Interstellar

InterstellarFinally, a movie that supports technological progress! (As opposed to condemning it, like every other movie.)

This is just a great movie to exist right now. Granted, some of the messages, as critics have pointed out, are not very deep, but at least it has such messages that no other feature film dares to voice. Messages like nurturing a long-long-term solution, i.e. going into space, rather than plowing through the next harvest. Or messages about scientific tools being more valuable than the next dollar bill, as in the following dialogue:

Cooper: You don’t believe we went to the Moon?
Ms. Kelly: I believe it was a brilliant piece of propaganda, that the Soviets bankrupted themselves pouring resources into rockets and other useless machines…
Cooper: Useless machines?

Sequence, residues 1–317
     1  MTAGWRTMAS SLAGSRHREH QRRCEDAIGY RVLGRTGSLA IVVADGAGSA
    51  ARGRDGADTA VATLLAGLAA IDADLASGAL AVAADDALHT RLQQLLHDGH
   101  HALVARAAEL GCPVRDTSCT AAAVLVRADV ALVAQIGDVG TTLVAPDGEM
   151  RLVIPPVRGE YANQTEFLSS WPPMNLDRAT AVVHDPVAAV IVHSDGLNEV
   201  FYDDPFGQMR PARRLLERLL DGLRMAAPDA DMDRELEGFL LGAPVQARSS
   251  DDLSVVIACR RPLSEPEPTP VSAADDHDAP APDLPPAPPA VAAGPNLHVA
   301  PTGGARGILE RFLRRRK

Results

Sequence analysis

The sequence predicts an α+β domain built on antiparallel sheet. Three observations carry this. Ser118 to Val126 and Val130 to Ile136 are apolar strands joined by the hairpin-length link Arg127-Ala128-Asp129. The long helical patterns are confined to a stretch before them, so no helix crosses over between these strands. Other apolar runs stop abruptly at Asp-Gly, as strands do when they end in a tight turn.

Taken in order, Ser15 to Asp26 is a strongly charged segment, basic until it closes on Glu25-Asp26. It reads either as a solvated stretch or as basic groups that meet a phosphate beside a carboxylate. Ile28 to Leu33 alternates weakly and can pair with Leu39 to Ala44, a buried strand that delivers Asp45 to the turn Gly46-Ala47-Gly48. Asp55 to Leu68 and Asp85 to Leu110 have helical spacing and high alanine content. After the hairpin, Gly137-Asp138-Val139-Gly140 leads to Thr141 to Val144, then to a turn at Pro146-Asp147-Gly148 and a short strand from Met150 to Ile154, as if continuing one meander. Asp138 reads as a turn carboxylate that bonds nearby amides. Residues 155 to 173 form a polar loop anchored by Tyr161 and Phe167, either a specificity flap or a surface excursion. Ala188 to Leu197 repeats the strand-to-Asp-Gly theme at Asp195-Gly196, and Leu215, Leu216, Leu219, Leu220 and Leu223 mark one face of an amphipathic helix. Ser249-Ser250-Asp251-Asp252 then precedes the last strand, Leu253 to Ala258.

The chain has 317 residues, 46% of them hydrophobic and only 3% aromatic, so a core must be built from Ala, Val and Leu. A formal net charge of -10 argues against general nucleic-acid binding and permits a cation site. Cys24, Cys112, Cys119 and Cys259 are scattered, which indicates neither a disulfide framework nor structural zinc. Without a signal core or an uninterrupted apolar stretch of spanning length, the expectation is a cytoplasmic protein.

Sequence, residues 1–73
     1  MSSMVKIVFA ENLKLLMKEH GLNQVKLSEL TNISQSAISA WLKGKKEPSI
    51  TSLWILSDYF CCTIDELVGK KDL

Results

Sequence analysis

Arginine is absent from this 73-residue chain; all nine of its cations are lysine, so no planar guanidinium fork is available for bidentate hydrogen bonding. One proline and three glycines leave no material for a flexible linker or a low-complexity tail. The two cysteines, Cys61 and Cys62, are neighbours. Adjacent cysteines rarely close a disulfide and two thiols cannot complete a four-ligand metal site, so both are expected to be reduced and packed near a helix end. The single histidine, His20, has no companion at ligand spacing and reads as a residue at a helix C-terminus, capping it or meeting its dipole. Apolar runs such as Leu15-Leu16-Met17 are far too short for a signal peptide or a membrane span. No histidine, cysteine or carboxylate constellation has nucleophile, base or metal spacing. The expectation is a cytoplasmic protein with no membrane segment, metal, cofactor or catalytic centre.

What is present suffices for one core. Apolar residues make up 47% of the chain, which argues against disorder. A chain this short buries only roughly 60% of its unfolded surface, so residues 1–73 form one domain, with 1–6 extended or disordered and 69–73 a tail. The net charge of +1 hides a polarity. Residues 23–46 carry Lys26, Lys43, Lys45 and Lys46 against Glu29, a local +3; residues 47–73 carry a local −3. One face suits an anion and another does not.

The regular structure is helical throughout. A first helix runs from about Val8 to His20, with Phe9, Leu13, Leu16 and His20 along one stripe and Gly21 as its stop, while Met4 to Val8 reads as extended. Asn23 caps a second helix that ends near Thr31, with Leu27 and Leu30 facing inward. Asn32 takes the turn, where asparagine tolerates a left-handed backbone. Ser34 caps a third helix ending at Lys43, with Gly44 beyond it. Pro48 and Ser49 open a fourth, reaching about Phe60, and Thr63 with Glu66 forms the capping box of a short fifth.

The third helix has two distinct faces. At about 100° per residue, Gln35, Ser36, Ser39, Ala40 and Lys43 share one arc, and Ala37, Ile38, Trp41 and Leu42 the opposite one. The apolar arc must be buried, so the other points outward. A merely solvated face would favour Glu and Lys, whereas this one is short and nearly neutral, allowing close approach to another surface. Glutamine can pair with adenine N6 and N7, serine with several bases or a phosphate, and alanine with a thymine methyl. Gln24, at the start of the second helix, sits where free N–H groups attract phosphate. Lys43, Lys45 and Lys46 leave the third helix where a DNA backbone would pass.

Ms. Kelly: And if we don’t want to repeat of the excess and wastefulness of the 20th Century then we need to teach our kids about this Planet, not tales of leaving it.
Cooper: You know, one of those useless machines they used to make was called an MRI. If we had any of them left the doctors might have been able to find the cyst in my wife’s brain before she died, rather than afterwards. And then my kids could have been raised by two parents….

And then, of course, you have the more obvious ones: “We used to look up at the sky and wonder at our place in the stars, now we just look down and worry about our place in the dirt.” There is something simple yet infinitely dramatic to these lines.

Interstellar can be viewed in many ways, including as a space- and time-bending love story or as a “negative productivity shock hits the global economy.” I see it, perhaps over-optimistically, as a statement about what humanity can and will accomplish. More strongly, it is about what we must do if we wish to thrive as a species, let alone survive.